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Saturday, April 11, 2009

Songwriting - Dynamics

The other night, we got into the discussion on songwriting dynamics. When listening to a friend's song, he started out strumming and singing loud and kept the same pace and volume throughout the song. While the song itself it was good, it was missing dynamics that would make it interesting. In 2007, I posted techniques for changing the dynamics, in songwriters, take your listener on a journey.

A good place to study dynamics is American Idol. Last year's winner, David Cook, was the master at what I call the "American Idol build." He would start quiet, build to full out rock, and then drop to almost a whisper on the last line. His recent CD went platnium in three weeks, so he must be doing something right.

I saw another good example of a different kind of build watching the Blue Canyon Boys, bluegrass band. In bluegrass they change the tempo, speeding it up with each verse. By the last verse, they've got your pulse racing!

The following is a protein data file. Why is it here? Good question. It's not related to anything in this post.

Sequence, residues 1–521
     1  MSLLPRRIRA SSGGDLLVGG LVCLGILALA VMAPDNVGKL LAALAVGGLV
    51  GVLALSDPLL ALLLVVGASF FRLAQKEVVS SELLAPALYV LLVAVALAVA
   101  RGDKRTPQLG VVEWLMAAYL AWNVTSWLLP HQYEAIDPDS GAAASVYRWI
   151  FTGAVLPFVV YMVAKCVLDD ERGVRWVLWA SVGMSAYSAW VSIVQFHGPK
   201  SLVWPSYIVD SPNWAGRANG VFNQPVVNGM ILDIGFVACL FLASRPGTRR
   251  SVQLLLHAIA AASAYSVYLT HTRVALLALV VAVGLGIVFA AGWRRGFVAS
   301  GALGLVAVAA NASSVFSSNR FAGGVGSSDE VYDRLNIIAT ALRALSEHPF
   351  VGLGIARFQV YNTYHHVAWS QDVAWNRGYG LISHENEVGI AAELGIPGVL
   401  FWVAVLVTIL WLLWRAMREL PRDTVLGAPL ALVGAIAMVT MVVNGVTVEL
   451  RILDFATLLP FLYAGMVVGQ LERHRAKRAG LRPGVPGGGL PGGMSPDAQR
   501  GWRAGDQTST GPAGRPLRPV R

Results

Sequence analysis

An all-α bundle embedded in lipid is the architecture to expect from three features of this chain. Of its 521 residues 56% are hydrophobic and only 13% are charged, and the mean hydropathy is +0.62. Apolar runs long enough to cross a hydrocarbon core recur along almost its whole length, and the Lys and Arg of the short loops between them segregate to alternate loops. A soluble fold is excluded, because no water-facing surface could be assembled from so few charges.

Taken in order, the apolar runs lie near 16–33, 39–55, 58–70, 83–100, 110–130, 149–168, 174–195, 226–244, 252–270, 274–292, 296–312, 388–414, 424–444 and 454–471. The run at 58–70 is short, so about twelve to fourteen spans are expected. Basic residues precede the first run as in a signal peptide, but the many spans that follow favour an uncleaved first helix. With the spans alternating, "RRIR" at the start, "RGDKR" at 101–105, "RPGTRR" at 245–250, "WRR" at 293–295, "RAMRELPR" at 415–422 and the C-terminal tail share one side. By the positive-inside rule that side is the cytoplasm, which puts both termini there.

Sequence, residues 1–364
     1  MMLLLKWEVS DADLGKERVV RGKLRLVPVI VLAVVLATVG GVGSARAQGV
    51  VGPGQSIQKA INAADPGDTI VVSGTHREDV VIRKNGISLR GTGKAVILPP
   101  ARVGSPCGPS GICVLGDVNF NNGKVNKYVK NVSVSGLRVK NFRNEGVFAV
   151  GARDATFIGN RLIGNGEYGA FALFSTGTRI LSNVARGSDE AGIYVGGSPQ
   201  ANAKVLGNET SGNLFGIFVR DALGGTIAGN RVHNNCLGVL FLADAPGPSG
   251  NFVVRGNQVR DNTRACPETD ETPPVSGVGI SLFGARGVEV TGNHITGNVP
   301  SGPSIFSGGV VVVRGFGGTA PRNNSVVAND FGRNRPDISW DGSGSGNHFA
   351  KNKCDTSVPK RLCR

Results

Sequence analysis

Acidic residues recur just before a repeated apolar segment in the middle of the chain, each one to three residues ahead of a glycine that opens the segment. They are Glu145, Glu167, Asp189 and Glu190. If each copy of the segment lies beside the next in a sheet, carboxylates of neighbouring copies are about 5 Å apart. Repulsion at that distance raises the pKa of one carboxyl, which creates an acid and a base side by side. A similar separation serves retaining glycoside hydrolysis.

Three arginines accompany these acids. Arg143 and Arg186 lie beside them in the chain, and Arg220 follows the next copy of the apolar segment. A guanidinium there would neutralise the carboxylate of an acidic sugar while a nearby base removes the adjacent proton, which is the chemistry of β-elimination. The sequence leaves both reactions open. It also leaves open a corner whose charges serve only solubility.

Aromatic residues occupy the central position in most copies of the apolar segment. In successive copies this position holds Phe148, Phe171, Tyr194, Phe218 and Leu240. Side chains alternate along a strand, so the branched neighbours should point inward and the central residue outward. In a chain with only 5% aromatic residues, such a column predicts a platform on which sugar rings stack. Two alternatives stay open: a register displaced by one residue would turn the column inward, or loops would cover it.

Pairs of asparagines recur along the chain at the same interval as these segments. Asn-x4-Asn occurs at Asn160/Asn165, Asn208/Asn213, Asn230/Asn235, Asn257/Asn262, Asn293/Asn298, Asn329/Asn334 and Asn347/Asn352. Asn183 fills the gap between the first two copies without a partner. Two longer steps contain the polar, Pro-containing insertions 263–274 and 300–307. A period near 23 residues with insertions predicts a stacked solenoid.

A comment I heard the other night was I'm just playing the song the way I wrote it. It's true that every song I write starts out with almost no dynamics. The dynamics come in the polishing phase, between writing the song and getting ready to play it for someone. I'm constantly tweaking my dynamics for the room I'm playing in, the audience, or my mood.

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Sunday, April 05, 2009

Songwriting - You've got the song, now what?

Stopped by and saw a friend that I had talked with a few weeks ago. At that time he was struggling with lyrics. Today he played two newly completed songs. Pretty impressive and what was even more impressive is that they are both good musically and lyrically. It's amazing what happens when you get the internal critical out of the way and just write.